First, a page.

Statistics Thinking in terms of two variables is adequate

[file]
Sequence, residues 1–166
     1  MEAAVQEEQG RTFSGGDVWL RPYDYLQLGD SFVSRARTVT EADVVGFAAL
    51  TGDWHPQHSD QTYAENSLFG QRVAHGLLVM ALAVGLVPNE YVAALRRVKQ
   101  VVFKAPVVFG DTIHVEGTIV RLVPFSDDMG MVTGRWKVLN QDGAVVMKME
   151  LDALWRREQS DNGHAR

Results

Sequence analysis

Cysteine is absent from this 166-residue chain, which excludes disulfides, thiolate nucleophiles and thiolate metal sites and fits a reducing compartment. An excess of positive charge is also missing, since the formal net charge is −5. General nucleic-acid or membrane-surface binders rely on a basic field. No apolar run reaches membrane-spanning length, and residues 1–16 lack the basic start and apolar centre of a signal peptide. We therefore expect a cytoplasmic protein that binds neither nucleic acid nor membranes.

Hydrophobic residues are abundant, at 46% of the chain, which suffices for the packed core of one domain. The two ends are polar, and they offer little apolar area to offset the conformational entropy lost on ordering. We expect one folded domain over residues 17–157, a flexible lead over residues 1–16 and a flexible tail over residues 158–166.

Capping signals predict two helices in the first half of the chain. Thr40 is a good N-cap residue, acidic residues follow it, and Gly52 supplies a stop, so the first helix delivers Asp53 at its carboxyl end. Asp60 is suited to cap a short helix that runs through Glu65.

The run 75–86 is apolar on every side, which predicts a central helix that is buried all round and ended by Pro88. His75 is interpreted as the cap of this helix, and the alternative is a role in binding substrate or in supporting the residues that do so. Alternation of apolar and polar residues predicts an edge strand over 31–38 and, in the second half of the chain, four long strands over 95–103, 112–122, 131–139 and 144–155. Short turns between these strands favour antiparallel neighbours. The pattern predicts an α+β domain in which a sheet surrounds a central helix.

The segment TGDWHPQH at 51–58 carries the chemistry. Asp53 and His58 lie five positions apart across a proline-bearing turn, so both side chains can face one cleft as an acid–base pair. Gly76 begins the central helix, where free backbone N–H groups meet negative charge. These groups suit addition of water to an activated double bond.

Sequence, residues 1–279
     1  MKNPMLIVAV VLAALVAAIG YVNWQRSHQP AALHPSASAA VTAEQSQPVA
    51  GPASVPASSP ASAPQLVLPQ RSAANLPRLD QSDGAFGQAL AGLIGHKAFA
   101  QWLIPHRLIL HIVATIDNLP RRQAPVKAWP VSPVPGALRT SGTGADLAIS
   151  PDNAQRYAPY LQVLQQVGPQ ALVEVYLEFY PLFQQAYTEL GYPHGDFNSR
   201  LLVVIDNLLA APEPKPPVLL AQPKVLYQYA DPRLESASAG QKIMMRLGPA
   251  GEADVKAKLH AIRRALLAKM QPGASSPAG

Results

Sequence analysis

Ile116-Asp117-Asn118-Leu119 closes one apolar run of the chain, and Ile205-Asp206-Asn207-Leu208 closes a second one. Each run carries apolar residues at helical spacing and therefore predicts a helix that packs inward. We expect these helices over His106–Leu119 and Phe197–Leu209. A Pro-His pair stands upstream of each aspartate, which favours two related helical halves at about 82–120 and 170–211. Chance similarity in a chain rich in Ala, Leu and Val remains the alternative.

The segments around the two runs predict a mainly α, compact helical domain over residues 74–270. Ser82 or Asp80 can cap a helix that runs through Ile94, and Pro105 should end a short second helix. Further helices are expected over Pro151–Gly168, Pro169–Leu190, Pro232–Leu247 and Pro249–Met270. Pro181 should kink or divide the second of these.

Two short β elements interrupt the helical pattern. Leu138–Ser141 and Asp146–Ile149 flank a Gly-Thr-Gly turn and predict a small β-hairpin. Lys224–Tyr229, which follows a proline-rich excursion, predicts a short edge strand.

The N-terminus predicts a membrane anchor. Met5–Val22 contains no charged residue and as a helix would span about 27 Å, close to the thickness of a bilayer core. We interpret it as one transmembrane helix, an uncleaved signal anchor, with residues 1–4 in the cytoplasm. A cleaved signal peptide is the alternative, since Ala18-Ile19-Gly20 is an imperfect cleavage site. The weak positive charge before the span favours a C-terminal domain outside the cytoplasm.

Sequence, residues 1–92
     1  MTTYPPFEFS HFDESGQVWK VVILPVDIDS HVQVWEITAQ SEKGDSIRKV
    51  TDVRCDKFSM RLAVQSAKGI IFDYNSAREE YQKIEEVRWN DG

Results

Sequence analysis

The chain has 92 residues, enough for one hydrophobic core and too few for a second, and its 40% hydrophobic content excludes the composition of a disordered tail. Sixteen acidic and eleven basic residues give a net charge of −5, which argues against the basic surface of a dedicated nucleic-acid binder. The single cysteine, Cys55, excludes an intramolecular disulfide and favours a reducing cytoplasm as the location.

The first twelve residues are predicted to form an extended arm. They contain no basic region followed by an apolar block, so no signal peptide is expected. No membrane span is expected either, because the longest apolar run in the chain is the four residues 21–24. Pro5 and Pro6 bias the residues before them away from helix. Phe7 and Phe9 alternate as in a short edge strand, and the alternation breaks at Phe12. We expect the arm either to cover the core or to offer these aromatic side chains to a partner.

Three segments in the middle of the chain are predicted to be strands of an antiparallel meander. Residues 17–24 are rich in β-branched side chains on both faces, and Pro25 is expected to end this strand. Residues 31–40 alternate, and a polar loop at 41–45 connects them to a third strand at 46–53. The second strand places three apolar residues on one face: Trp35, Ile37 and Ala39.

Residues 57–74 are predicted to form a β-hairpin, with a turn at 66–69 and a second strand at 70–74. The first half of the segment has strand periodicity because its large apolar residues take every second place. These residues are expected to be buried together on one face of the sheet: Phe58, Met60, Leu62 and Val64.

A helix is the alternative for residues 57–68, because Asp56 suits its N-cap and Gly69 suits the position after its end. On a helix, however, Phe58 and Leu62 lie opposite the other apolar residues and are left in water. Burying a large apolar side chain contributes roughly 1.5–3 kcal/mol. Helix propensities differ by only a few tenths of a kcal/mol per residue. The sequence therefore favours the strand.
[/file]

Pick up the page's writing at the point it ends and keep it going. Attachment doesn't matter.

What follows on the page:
Many other developments as well as the normal degree of arguments and questions have resulted in numerous contributions to the literature. One finding is of special relevance for this Atractyloside paper. Statman (1987), building upon on the prior work of Evans and Archer (1968) as well as Elton and Gruber (1977), shows that the risk of a portfolio falls precipitously as new securities are added to the portfolio but quickly levels off after the addition of only around 20–30 securities. The securities added are chosen randomly. These findings illustrate that the elimination of unsystematic risk occurs fairly rapidly, and requires only naïve diversification. We know that the risk of a portfolio depends on the proportions of the individual stocks along with their variances and covariances. If the securities were to be chosen carefully with respect to those characteristics, gestation is possible to eliminate unsystematic risk even more quickly. Those studies suggest that selecting the right securities to combine in a portfolio results in a rapid diversification effect using a relatively small number of securities. Fig. 2 illustrates this effect without great detail.